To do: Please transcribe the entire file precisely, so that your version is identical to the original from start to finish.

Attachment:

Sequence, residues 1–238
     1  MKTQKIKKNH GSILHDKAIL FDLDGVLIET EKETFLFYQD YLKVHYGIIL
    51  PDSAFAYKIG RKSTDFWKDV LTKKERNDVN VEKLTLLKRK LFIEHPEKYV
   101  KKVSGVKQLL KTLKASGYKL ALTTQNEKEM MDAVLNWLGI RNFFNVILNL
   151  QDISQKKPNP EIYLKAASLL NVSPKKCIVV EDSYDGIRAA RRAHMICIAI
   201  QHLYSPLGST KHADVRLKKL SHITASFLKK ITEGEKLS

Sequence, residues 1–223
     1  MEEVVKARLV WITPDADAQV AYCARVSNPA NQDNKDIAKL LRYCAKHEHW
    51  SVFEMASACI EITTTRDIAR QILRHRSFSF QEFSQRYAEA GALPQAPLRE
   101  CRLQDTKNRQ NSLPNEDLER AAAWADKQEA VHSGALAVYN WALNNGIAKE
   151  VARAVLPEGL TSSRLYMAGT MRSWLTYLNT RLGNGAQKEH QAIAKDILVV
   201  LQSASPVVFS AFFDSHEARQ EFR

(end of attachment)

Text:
Sequence, residues 1–238
     1  MKTQKIKKNH GSILHDKAIL FDLDGVLIET EKETFLFYQD YLKVHYGIIL
    51  PDSAFAYKIG RKSTDFWKDV LTKKERNDVN VEKLTLLKRK LFIEHPEKYV
   101  KKVSGVKQLL KTLKASGYKL ALTTQNEKEM MDAVLNWLGI RNFFNVILNL
   151  QDISQKKPNP EIYLKAASLL NVSPKKCIVV EDSYDGIRAA RRAHMICIAI
   201  QHLYSPLGST KHADVRLKKL SHITASFLKK ITEGEKLS

Sequence, residues 1–223
     1  MEEVVKARLV WITPDADAQV AYCARVSNPA NQDNKDIAKL LRYCAKHEHW
    51  SVFEMASACI EITTTRDIAR QILRHRSFSF QEFSQRYAEA GALPQAPLRE
   101  CRLQDTKNRQ NSLPNEDLER AAAWADKQEA VHSGALAVYN WALNNGIAKE
   151  VARAVLPEGL TSSRLYMAGT MRSWLTYLNT RLGNGAQKEH QAIAKDILVV
   201  LQSASPVVFS AFFDSHEARQ EFR